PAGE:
I’d been counting down the days to our departure to Bali for some time, not just for my birthday but the 3 weeks off work with my family and quality waves without a steamer.
In my mind I would be bodysurfing everyday, in reality with 3 kids and my wife, that would not be the case – she had even warned me before our departure and “this isn’t a surfing trip” was still ringing in my ears as I diligently packed three Slyde handboards and two sets of DaFiNs.
My brother in-law (Jay) and his family were with us and he had packed a couple of surfboards as he was in a similar mindset to myself (2 kids).
For the last nine nights we were staying at Seminyak, a mere 27km from Ulus. All it took was an afternoon/evening taking care of the kids whilst the girls had the afternoon off and ventured to ‘W’ for cocktails and dinner. Brownie points in the bank and we were locked in for our surf session.
Once on the road, sporting sensible scooter attire or thongs/flops, boardies, t-shirt, sunnies and helmet, we headed on to the Sunset Highway. Unsure of the speed limits or majority of road rules other than the complementary beep of the horn to notify someone that your overtaking them. Unsure of the directions we began following a passing van loaded with surfboards. Which was great until they took a right hand turn way before we expected. On our own we continued, following our nose and the sporadic signage.
Hitting some hills that force the bike to feel all of my 100kg frame, we finally spot a turn off to Padang Padang but continue on as another sign says ‘Uluwatu 15km’. There is a stage of confusion as we arrive at Uluwatu temple as the one time here expert Jay doesn’t recognise it. Its at this point we realize we had come the wrong way. Some helpful directions from some tourists later and we are on our way again…back to the sign we had passed earlier. Damn it…..we take the turn off and head in through the winding road, mindful of the dogs, cattle and chickens that scatter the road side and small villages we pass. We finally arrive at the entrance, pay the attendant $2000 rupiah each and head on in to park our bikes. I’m privately pumped with anticipation, but play it cool and take a few nonchalant pictures on my phone as we walk down the cliff to one of the warungs where we can store our gear (as long as you spend some money). A quick pre surf juice (money well spent) and we get ready, frothing over some of the sets pealing through while we head down the cliff and dodgy stairs. Jay fills me in on the wave and the current that sweeps you up the coast once you exit the cave (had fun with that on our second session).
Immediately exiting the cave you feel the pull of the current, doing its best to drag you down to Padang. Its a slog to make it out to clear water and start paddling back towards the break, there are more than a few curious looks as I kick pass surfers that are obviously wondering where my board was. Once out in the line up, which at this stage is about 40 people you realise how multi national it is. Local boys, Aussies, Americans and a whole lot of Brazilians, all scattered across the various sections of the line up wherever the waves peak.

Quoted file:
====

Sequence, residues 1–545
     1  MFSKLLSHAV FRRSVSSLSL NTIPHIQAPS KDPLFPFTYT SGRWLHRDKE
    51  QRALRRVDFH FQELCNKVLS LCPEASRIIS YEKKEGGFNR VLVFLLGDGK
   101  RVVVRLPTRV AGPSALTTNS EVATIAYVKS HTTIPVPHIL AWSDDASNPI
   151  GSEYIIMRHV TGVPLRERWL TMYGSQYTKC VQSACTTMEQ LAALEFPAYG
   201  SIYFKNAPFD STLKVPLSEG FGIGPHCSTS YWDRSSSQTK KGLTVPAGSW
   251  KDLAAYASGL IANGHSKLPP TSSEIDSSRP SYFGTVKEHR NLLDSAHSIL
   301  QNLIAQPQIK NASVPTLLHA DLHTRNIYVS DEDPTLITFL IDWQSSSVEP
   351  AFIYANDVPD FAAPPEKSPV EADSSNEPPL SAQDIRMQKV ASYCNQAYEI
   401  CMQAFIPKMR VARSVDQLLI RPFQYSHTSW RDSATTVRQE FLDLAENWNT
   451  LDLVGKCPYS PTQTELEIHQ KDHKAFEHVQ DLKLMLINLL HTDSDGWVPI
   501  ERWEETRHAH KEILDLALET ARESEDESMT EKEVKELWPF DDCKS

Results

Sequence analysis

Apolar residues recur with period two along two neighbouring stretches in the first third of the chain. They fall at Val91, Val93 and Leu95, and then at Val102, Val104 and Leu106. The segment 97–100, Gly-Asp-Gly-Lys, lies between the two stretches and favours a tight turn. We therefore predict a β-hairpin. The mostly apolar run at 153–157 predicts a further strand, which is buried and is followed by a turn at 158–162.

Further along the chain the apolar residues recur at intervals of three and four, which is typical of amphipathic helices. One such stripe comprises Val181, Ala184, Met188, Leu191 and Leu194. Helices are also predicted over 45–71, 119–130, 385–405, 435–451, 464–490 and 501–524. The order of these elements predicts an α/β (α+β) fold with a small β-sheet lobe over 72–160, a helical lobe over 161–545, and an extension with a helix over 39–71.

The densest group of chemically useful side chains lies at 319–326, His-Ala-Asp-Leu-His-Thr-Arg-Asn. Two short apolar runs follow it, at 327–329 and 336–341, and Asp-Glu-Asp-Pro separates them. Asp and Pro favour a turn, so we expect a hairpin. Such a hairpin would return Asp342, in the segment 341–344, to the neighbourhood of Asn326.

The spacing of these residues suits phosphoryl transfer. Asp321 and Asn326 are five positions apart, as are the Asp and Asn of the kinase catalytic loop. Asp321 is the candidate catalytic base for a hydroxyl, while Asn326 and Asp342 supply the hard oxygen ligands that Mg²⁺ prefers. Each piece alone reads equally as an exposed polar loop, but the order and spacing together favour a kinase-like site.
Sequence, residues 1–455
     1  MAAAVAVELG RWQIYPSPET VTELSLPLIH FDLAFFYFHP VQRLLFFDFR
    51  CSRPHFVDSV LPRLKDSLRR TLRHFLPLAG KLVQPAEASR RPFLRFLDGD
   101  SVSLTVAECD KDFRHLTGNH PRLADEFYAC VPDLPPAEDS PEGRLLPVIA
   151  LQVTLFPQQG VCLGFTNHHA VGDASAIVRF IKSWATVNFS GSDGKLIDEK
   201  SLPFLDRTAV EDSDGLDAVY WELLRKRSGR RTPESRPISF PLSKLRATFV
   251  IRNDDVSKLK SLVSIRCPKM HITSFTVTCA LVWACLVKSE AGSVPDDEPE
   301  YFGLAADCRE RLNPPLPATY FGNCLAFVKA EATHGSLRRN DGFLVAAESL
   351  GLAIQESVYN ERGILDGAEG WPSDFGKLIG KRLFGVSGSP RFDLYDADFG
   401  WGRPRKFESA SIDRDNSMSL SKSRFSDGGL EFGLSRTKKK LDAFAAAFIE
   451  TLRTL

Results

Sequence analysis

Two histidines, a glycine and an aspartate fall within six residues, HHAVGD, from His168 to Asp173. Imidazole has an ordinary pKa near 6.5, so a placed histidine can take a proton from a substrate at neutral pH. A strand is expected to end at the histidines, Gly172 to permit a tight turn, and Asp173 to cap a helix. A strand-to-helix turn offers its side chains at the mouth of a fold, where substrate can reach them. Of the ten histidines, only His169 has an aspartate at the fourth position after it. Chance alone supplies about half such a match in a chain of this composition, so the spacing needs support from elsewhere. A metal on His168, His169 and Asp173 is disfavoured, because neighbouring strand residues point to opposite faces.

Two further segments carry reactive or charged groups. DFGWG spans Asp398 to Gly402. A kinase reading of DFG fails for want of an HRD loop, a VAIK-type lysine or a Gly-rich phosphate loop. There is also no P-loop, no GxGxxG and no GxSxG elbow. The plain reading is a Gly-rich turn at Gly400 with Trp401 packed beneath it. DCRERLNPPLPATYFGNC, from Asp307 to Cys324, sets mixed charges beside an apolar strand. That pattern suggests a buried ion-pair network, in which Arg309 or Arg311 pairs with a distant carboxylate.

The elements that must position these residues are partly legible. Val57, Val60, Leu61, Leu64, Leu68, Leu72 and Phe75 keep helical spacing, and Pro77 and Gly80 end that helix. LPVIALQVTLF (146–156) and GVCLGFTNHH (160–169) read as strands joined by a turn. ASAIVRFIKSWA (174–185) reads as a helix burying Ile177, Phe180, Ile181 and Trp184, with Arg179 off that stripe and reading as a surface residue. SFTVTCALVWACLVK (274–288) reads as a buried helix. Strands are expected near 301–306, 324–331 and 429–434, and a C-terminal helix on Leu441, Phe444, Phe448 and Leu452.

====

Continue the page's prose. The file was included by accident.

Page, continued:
I settle in the line up and conscious of the reef below me and not wanting to finish the session early – I catch the first little runner that comes through that miraculously no one has jumped on. Feeling the wave and watching the way the reef sucks up and boils on the shallower sections, a nice little loosener.
The courage is up and as the larger waves come through, feeling more comfortable I sit a little deeper. With the masses jockeying for position it a real challenge catching waves. Its not uncommon to see 3-4+ people paddling frantically for a wave and then the sound of the deepest guys calling out “Mine, Oi, Yep, Mine” and there were plenty of fades on show. I take advantage of the clean up sets, which I can easily get through and surface with the board riders suddenly 30m behind and me, in the perfect take-off position.
Even then its pretty frustrating as I would see the oncoming waves, turn to paddle while keeping a keen eye on the person deeper, giving them priority only for them to pull off at the last moment. The barreling beauty would then go through unridden while I fumed and swore underwater
After one clean up set, I just turned and went late on the second set wave with no chance in hell of making it. Air dropping into the barrel and then following up with a little reef massage, I surfaced to the shocked surprise of a surfer, who had obviously just seen the stoked look of “did you see that?!” on my face – it must be a bodysurfing thing.
We call it a session and start heading back in, luckily the tide is low and the current isnt an issue as I end up doing my best awkward fin walk across the reef to the entrance of the cave. Once up the cliff, I was immediately set upon with the calls from the numerous photographers that sit perched on the cliffs taking photos of surfers. I had quite a laugh at the Balinese men yelling out and motioning their best bodysurfing moves “Hey you bodysurfer, I have picture of you in barrel”, “bodysurfer, you spin spin spin roll roll roll”, “I have picture, come look”.
Awesome day bodysurfing and pictures to prove it?! Terima-bloody-kasih!!